January 16 Readings

WCCM LogoFrom Fr Laurence Freeman, OSB: Dearest Friends, January 1997 WCCM International Newsletter.

To allow [the] pattern of daily meditation to take hold amid all the other patterns of our lives, not just imaginatively but actually, is a challenge to the best of us; to the best in us.  It is a mundane introduction to the cosmic law of sacrifice.  There is an Indian story which tells how Vishnu came every day to offer worship to Shiva by offering a thousand lotuses at her feet.  One day, after a few thousand years of such worship, he discovered as he lay the lotuses down that were only 999 that day. (Such things happen occasionally). Without delay he plucked out one of his eyes, beautiful, shaped like a lotus and completed the offering with it by placing it among the 999.

Worship is another way of understanding the self-renunciation which is the dynamic at the heart of meditation and of all love.  It offers us a different way of looking at sacrifice.  Not as a loss of something precious, something dragged from us as we kick and scream. . .but as a precious opportunity to enter even greater bliss and fulfillment.  To accept and to give in such moments is a gift of praise, which collects our whole being and unifies and simplifies us in the sudden alchemy of love.

This is the multi-dimensional work of  meditation and it is why we must be so simple in our saying the mantra if all these dimensions are to be harmonized and develop together.  It is not only a sacrifice of time. . . . The sacrifice includes our thoughts and imagination, the hundred-and-one conversations at all levels of our mind.  As it was for Vishnu, it is an offering of our whole way of seeing and knowing, a temporary, partial blindness which is an act of faith in another and greater way of seeing and knowing.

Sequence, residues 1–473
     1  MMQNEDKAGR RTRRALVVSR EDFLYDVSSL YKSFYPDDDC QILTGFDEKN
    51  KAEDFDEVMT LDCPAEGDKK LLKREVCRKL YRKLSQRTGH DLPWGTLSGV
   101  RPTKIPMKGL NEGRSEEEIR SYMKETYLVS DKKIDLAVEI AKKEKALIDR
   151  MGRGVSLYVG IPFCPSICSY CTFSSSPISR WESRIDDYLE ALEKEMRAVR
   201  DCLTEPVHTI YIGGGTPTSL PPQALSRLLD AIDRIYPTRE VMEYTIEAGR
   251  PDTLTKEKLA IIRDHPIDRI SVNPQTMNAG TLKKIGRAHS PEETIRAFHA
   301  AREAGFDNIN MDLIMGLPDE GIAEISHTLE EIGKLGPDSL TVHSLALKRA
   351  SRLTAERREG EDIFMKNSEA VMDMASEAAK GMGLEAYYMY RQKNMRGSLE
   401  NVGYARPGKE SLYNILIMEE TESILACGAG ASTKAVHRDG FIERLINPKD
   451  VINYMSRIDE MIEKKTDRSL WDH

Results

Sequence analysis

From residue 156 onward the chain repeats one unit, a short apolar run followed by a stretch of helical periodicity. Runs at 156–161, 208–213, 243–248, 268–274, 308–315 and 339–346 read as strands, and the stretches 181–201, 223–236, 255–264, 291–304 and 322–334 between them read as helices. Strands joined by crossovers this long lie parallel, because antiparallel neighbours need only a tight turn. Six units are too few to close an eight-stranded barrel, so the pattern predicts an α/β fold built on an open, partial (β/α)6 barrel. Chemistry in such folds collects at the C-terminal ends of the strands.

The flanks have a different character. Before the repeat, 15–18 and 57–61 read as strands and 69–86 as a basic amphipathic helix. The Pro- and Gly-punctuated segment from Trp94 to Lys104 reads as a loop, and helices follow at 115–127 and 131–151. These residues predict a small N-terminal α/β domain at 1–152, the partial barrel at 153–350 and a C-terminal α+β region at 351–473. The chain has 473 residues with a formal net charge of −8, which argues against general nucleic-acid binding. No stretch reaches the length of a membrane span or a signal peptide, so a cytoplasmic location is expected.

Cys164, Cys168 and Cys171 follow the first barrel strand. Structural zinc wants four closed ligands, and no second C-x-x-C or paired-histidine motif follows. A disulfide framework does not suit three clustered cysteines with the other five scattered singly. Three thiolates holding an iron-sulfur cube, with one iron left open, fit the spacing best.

The mantra introduces . . . into [the] experience of prayer a spontaneous act of praise which involves our whole being.  Not just telling God . . .how omnipotent, omniscient and omnipresent "he" is.  But accepting the invitation inherent in our very existence to become as God is: by grace, by adoption, by love.  In this cooperation of grace and nature our being is made whole.  Christ the healer is most at work uniting depth and surface, inner and outer, in the pure gift of praise, which is ours and his as we listen to the mantra.

As Fr John taught, our meditation becomes most purely prayer not just in the work of saying the mantra in the face of distraction, but in the ease of listening to it.

Meditate for Thirty Minutes.... Remember: Sit down. Sit still and upright. Close your eyes lightly. Sit relaxed but alert. Silently, interiorly, begin to say a single word. We recommend the prayer-phrase "Maranatha." Recite it as four syllables of equal length. Listen to it as you say it, gently, but continuously. Do not think or imagine anything—spiritual or otherwise. Thoughts and images will likely come, but let them pass. Just keep returning your attention—with humility and simplicity—to saying your word in faith, from the beginning to the end of your meditation.

After Meditation, from  D.H. Lawrence, "PAX,"  noted in David Steindl-Rast, OSB, GRATEFULNESS: THE HEART OF PRAYER (New York: Paulist, 1984), p. 185.

All that matters is to be at one with the living God

To be a creature in the house of the God of Life.


Like a cat asleep on a chair

at peace, in peace

and at one with the master of the house, with the


at home, at home in the house of the living,

            sleeping on the hearth, and yawning before the fire.


Sleeping on the hearth of the living world,

yawning at home before the fire of life

feeling the presence of the living God

like a great reassurance

a deep calm in the heart

a presence

as of a master sitting at the board

in his own and greater being,

in the house of life.                      

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